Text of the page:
Clinical Perspectives

Moffitt’s Molecular Biology Lab Creates Own COVID-19 Diagnostic Test

April 30, 2020

Covid Testing Molecular

As cases of COVID-19 increased in our community, so did the need for testing. Moffitt Cancer Center’s Laboratory usually performs various tests for tumors, such as gene mutations, not tests for things like microorganisms and viruses. However, clinicians, pathologists and researchers pulled together the technology and resources the center already had to get a COVID-19 test up and running for Moffitt patients.

John Greene, MD, FACP
John Greene, MD, FACP

At the onset of the pandemic, Moffitt initially sent their patients to testing sites in the community set up through other health systems. “But the sites were inundated with about 500 tests per day and also experienced shortages of tests,” says John Greene, MD, FACP, the chief of the division of infectious diseases at Moffitt. Moffitt then began sending their patients’ samples to external diagnostic laboratories, but the turnaround time was more than two weeks in some cases, which led Moffitt to forge an informal partnership with a neighboring hospital, which offered to test a small group of urgent samples each day.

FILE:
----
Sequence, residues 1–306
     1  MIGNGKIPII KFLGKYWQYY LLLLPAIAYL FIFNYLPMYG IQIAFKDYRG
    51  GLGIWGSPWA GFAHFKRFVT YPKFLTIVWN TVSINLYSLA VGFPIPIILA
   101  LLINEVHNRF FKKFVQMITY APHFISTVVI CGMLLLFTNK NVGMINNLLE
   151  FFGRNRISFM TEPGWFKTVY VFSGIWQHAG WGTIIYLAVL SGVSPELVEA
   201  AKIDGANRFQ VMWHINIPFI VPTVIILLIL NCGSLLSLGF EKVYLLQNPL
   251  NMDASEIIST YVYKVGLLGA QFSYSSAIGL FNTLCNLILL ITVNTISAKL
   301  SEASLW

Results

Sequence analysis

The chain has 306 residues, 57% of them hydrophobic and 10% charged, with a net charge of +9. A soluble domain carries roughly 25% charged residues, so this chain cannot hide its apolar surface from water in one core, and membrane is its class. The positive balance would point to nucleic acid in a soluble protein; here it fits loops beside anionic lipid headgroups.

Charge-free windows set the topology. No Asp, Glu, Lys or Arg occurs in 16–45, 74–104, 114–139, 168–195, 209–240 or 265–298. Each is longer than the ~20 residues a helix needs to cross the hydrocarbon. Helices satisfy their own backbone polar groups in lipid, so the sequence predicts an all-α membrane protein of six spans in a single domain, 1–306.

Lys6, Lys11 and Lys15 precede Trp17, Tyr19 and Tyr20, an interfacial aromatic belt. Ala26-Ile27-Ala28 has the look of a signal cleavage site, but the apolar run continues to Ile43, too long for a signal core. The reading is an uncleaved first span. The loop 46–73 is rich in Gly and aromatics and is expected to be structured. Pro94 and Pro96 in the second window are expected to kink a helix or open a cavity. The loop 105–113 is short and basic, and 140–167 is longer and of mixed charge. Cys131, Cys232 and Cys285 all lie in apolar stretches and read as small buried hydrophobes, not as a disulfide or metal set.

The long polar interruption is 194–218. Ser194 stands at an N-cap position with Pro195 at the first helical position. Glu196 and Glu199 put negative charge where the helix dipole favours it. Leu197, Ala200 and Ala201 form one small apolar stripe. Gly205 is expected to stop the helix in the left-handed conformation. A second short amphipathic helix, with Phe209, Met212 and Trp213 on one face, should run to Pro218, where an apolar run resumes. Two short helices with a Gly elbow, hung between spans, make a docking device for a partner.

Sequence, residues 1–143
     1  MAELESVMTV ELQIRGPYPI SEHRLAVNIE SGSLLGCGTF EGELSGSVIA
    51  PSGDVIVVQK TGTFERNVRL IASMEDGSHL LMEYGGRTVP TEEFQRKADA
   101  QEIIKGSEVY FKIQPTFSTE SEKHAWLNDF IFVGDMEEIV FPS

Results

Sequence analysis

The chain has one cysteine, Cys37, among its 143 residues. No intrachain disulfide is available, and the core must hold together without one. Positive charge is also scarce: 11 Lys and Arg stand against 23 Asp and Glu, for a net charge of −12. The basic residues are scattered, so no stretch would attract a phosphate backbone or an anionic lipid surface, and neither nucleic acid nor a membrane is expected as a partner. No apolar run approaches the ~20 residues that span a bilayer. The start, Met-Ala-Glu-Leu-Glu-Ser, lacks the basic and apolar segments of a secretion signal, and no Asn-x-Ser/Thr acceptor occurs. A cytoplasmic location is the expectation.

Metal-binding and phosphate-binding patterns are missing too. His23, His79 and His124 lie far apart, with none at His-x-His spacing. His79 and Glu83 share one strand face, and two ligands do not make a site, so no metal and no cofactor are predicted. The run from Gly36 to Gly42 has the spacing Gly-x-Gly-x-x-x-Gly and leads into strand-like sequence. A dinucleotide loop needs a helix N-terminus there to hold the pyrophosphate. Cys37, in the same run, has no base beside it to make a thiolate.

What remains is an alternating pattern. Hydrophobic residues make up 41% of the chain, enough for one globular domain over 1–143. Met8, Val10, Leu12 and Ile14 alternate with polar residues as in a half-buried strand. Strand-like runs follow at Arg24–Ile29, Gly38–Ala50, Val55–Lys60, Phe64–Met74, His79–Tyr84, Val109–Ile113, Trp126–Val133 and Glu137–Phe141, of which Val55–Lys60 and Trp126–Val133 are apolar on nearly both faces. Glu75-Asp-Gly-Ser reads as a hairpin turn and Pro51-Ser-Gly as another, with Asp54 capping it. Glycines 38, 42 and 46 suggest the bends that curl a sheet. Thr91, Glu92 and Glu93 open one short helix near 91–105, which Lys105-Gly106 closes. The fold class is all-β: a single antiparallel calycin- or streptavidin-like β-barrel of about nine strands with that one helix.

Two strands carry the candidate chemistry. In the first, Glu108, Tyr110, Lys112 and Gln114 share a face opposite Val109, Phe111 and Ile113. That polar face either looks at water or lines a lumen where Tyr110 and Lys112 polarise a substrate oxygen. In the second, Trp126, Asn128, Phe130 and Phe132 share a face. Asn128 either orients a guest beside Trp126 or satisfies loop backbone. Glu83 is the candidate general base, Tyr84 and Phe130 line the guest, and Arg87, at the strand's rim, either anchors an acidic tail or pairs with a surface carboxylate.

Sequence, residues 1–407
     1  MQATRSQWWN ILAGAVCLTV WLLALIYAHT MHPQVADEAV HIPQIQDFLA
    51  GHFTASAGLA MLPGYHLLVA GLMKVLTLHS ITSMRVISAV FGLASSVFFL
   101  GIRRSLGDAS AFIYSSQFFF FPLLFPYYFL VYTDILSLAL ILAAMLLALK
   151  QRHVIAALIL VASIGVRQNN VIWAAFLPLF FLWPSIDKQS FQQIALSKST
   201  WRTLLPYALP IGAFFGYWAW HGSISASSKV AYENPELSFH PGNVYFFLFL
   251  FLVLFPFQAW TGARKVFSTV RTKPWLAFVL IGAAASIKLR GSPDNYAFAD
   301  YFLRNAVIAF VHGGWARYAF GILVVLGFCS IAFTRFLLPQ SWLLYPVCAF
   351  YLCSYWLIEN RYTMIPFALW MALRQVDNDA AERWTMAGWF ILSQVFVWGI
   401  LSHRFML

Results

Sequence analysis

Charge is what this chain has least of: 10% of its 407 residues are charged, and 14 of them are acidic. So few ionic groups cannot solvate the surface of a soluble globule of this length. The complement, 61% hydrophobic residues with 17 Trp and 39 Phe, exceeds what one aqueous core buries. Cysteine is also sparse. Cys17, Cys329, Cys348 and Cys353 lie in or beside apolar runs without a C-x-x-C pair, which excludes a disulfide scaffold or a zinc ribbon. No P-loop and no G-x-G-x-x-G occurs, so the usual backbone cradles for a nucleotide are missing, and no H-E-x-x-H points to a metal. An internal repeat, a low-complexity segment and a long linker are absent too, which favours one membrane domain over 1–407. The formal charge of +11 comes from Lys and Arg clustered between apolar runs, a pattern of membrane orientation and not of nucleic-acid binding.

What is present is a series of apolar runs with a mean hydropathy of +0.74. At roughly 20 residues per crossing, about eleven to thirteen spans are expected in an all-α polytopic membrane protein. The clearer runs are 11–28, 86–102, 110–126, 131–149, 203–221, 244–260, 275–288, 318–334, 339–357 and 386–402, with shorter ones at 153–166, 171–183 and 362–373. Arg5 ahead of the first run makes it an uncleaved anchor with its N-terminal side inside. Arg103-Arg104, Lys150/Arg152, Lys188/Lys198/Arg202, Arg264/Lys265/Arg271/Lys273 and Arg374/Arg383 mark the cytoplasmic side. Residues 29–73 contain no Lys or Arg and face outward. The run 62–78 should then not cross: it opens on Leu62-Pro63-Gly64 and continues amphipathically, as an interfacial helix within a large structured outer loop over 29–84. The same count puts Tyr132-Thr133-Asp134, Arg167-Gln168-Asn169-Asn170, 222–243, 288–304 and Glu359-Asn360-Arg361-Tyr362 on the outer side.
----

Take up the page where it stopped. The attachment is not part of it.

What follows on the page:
As the first several weeks of the pandemic proceeded, Moffitt’s pathology department joined forces with the Moffitt Microbiology Lab and the Molecular Diagnostic Lab to develop a solution. The Microbiology Lab has expertise in handling viral specimens, and the state-of-the-art technology of the Molecular Diagnostic Lab performs gene mutation tests for tumors. The teams collaborated and worked diligently using various resources to set up in-house testing of COVID-19 for Moffitt patients. The Microbiology Lab does RNA extraction while the Molecular Lab does the rest of PCR testing and Moffitt now gets results back the same day.

“The entire cancer center was mobilized for this,” said Dahui Qin, MD, PhD, medical director of the Morsani Molecular Diagnostics Laboratory.

“Because the coronavirus that causes COVID-19 is new and the viral test is new to our lab, we reached out to internal and external experts for advice on how to do this test safely,” Dr. Qin said.

The materials needed for testing—including swabs, as well as chemicals and other substances needed to conduct the laboratory test—are the same reagents used in other standard laboratory testing, such as viral titers for patients about to receive a bone marrow transplant.

The labs identified and obtained the proper COVID-19 test kit and positive samples and worked quickly to validate the test in about five days, enabling testing to kick off on-site at the cancer center for Moffitt patients.

The test is called a polymerase chain reaction, or PCR. If Moffitt clinicians suspect a patient has COVID-19, they take a sample from the patient’s nasopharynx. The swab is sent to the Microbiology Lab, where technologists extract ribonucleic acid, or RNA, from the sample and test for the virus. It takes about two hours to run the real-time PCR part of the test, and depending on when the test is run, patients get results the same day or the next day.